LUCEDALE, Miss. (WKRG) – A pair of Gulf Coast men face charges in a Texas federal court for allegedly taking part in what the Department of Justice calls a “prolific human smuggling network.”

The indictment, unsealed last week, says Lloyd Bexley, 51, of Lucedale and Jeremy Dickens, 45, of Mobile, helped facilitate transportation of hundreds of undocumented immigrants into the U.S. from Colombia, Guatemala and Mexico from November 2018 to August 2022.

Six other defendants from Alabama, Louisiana, Mississippi and Texas are part of the indictment. The group allegedly referred to the immigrants as “boxes” and “packages” as they transported people in empty water tankers, suitcases, wooden crates and in the back of pick-up trucks and 18-wheelers.

Drivers picked up immigrants from the U.S.-Mexico border and transported them to “stash houses” around Laredo, Texas right across the border. They then moved them further north to cities like San Antonio, the indictment says.

Bexley, Dickens and other drivers allegedly made up to $2,500 for each person they transported.

The indictment says the immigrants were often in danger as they were held in contained spaces with little ventilation, which became overheated, and they were driven at high speeds with no vehicle safety devices.

81 migrants sit in the trailer of an 18-wheeler as they are allegedly smuggled into the U.S. (Photo: Department of Justice)

“Human smugglers are criminals who do not care about human life,” said U.S. Customs and Border Protection Deputy Commissioner Troy Miller in a news release. “They lie to make money, convincing vulnerable migrants to hand over what is often their life savings in exchange for empty promises to get to the United States. Smugglers regularly abandon migrants in the desert or mountains with no food or water, leaving them for dead.”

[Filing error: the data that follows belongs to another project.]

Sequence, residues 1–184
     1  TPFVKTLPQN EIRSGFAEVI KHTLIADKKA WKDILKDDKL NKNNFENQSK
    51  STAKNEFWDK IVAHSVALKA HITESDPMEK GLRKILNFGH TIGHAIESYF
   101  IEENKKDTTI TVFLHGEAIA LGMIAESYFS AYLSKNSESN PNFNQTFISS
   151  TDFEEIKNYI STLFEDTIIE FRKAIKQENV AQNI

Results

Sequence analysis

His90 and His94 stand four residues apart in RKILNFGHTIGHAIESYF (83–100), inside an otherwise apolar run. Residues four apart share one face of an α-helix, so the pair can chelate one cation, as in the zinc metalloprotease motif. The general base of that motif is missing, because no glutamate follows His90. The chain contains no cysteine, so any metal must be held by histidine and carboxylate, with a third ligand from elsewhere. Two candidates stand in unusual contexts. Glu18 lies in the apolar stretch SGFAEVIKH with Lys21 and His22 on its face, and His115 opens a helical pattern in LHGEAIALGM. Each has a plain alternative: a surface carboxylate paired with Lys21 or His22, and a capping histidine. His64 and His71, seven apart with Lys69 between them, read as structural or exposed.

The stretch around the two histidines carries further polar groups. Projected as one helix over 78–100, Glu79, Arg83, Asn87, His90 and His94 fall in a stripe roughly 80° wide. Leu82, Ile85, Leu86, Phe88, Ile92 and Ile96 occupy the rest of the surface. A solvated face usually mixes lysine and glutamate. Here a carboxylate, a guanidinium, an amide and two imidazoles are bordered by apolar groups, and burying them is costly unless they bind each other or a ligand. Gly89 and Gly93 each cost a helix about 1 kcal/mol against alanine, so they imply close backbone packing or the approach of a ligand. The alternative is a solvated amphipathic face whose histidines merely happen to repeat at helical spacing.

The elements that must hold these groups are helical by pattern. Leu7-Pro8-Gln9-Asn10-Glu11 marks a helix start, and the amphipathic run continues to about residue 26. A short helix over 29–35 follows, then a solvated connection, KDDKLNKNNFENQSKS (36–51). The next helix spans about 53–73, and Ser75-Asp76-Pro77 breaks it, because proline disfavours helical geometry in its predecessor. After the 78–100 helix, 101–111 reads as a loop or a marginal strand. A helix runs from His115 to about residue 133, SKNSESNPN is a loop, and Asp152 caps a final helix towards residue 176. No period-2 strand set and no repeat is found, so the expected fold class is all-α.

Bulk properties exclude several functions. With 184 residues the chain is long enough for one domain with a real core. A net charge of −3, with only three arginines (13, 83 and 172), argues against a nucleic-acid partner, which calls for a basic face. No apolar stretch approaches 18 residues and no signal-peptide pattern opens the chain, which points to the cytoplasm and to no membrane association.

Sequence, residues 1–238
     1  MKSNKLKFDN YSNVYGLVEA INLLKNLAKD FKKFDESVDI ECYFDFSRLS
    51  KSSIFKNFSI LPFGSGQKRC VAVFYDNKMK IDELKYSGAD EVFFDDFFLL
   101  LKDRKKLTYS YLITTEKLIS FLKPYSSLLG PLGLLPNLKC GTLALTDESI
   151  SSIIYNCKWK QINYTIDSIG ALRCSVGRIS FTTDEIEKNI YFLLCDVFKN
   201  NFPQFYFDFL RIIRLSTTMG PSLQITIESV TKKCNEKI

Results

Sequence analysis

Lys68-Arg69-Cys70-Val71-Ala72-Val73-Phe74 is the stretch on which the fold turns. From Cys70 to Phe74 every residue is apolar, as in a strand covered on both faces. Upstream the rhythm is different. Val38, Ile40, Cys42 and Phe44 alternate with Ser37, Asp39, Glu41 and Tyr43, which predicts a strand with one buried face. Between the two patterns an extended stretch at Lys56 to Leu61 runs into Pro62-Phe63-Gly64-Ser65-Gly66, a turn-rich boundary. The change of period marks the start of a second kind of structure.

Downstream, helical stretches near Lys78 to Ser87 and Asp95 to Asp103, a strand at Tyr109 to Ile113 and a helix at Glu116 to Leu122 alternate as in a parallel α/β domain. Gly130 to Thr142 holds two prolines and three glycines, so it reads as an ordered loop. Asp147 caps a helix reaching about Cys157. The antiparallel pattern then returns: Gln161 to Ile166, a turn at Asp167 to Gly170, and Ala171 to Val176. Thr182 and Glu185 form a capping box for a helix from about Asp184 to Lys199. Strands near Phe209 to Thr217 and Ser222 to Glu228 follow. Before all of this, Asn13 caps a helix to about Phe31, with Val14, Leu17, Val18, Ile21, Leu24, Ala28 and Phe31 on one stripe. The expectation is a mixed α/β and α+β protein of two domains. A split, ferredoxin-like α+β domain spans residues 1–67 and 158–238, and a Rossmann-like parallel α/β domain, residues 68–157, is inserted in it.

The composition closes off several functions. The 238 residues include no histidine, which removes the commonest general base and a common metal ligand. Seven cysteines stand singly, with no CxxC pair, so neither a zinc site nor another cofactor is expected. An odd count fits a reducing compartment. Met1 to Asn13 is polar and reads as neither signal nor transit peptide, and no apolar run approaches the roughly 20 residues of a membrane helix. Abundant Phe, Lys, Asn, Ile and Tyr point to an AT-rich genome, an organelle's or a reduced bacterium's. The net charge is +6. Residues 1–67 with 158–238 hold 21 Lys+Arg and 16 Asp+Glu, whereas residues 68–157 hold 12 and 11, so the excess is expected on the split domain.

Bexley and Dickens are charged with conspiracy to transport and move an alien, placing in jeopardy the life of any person. Bexley is also charged with transporting and moving an alien for the purpose of private financial gain.

If convicted, Bexley could face up to 30 years and Dickens could face up to 20 years in prison.

The indictment includes the criminal forfeiture of three properties by the group as well as money judgments amounting to $2.3 million.

The charges come as part of Joint Task Force Alpha. Attorney General Merrick Garland created the task force to “disrupt and dismantle human smuggling and trafficking networks operating in El Salvador, Guatemala, Honduras, and Mexico, with a focus on networks that endanger, abuse or exploit migrants, present national security risks or engage in other types of transnational organized crime.”

The task force has netted over 100 domestic and international arrests since June 2021.

“Today should be a reminder that if you are going to engage in this type of criminal activity, your criminal network is not invisible. The members of the organization will be exposed, the network will be dismantled, and you will be brought to justice,” said Acting Deputy Director PJ Lechleitner of the U.S. Immigration and Customs Enforcement.

The Mississippi Bureau of Narcotics and law enforcement agencies in George, Harrison and Stone counties, and Wiggins, Miss., Jefferson and Washington parishes and Bogalusa, La. were cited as assisting in the investigations.

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